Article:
Otherwise known as, “The Back-Breaker,” this way of swinging will do exactly that if you’re swinging hard enough.
I have in the past swung from a left-biased address position, but I didn’t do it for long – just long enough to test it out and see what the deal was, and I rejected this way of swinging as a proper method years ago… like, back in 2008.
And while I retained some center-bias in my modeling until 2014, when I re-modeled MCS to one with a right-bias in order to provide a stable head position while swinging, I never did the things Tiger Woods is doing to himself with his return to the “Back-Breaker” swing model.
He started doing this with Sean Foley back in 2010, and I predicted nothing good would come of it – yes, he did win 5 events in ’13 when he was finally healthy enough to play regularly with that swing, but he promptly began to have back issues, culminating in the late ’14 back surgery and his abrupt departure from Foley’s stable.
Here’s a picture of TW from 2001- compare it to him at Torrey Pines a few weeks back:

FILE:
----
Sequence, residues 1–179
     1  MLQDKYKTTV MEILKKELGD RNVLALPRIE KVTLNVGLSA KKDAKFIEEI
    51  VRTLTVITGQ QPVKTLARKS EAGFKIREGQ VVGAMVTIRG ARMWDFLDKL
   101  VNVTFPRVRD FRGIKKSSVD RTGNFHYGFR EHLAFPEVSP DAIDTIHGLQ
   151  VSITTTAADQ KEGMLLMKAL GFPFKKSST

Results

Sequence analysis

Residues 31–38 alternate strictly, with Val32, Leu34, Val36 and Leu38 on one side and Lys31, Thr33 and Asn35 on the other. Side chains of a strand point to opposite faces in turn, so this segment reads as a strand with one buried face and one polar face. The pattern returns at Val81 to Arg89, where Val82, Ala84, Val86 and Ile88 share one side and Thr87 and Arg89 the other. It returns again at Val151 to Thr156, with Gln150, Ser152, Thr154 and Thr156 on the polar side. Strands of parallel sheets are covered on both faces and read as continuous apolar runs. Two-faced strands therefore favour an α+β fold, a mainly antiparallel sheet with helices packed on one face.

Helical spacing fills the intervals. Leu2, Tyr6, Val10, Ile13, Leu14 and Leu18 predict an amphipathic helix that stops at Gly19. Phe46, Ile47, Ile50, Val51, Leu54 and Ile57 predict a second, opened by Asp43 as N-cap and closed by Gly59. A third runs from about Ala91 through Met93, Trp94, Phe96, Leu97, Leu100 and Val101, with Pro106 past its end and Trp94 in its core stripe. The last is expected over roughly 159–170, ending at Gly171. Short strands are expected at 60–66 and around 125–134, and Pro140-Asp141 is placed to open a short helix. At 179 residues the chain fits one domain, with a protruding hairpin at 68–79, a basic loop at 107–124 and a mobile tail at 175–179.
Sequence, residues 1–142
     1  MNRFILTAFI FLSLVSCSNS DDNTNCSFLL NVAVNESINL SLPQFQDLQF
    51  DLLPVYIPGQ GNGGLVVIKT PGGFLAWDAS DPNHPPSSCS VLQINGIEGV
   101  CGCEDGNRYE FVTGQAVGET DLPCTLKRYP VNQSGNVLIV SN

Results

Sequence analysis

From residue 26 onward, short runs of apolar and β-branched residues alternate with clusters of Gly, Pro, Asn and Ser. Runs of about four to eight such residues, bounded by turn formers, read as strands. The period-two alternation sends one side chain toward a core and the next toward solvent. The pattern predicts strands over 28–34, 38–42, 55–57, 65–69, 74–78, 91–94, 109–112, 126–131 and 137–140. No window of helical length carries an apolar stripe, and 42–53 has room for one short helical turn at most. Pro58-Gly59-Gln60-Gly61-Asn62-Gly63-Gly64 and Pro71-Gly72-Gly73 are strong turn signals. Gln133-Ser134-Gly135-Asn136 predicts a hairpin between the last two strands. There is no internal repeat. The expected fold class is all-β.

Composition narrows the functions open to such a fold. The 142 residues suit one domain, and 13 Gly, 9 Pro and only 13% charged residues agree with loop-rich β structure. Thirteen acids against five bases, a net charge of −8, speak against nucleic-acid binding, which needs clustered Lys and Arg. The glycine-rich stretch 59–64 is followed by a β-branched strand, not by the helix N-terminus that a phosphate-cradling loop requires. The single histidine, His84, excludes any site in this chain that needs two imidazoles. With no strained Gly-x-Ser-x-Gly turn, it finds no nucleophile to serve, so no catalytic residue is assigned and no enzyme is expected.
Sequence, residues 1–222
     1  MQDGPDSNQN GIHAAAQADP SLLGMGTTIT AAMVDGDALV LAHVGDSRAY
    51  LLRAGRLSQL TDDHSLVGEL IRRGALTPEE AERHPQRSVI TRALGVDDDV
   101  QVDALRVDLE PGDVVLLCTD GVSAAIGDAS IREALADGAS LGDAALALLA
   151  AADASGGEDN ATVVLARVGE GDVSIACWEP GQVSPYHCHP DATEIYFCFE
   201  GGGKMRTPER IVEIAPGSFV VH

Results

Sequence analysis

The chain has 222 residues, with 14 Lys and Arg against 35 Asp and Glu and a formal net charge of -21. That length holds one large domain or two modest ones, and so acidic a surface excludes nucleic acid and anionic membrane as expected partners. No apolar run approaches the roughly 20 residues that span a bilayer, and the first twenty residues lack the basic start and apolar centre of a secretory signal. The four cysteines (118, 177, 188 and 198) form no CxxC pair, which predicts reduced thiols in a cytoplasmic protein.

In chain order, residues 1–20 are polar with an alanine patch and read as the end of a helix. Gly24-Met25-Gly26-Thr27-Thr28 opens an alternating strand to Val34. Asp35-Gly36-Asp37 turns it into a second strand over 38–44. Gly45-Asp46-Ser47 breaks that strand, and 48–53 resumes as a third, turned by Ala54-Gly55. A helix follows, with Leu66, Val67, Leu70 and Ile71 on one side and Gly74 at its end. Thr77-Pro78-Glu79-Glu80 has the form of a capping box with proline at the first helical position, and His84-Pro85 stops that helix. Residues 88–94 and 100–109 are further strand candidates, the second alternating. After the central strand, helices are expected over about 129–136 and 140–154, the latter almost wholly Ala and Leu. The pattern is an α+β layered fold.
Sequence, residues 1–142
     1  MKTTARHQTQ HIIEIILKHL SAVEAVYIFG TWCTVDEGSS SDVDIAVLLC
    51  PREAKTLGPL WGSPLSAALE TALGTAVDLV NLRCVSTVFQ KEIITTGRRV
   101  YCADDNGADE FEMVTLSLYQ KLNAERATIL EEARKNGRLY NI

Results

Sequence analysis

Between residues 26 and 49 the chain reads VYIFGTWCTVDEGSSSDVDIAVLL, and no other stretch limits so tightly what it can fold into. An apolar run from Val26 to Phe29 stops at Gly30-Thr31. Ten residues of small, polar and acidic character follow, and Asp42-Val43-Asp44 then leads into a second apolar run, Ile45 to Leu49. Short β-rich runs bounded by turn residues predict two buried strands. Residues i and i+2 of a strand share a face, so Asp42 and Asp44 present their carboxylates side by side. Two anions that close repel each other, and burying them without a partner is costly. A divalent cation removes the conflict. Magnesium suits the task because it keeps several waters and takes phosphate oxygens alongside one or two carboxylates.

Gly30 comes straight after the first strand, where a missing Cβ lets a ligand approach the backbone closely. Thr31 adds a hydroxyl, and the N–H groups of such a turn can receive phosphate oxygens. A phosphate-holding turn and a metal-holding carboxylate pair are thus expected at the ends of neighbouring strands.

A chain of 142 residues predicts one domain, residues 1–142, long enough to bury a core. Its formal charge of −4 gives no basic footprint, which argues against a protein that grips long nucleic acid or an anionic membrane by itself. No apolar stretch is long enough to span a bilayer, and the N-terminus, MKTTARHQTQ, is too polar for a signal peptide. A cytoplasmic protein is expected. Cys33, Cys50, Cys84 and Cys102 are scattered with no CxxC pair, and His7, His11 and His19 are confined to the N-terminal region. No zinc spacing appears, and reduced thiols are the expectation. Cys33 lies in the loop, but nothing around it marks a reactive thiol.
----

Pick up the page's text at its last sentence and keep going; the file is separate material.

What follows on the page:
You can see that in ’01, he still had the slight rightward spine tilt, and he began to drift to the left during the Haney years, but he got all the way there with Foley.
You remember that old saw about “keeping the head stable,” or at least as stable as was possible, during the swing?
Well, watch the below gif. where TW in this swing, has a head that is moving from address to the finish:
Tiger In Dubai Before The WD
I mean, if you watch closely, you’ll see the head is moving right as the club head begins to go back.
Because, even if he doesn’t realize it consciously, TW knows where the head should be at impact, and that’s over the right side, with a rightward spine tilt:
Thing is, if you start the swing with the head left and then have to adjust positions mid-swing to get that right head position, you’re going to be crunching that lower back all day long, until something gives.
That’s why I call a left-biased swing model the “Back-Breaker…”
Back to that head…
From address starting back, it is in constant motion, going back, dropping in the transition, jumping up and back at impact… how are you supposed to do anything with that much head motion during the swing?
Not to mention, this swing looks like a 2/3’s full swing. I know it’s in slow motion, but you can see that there’s no power there, no speed, no anything – he can’t expect to play Tour golf with that swing.
Some serious back-protecting going on there, looks to me.
At least, that’s my conclusion – but we’ve seen him twice this year, and the results were a missed cut and a WD after 18 holes.
I’d say I got it right.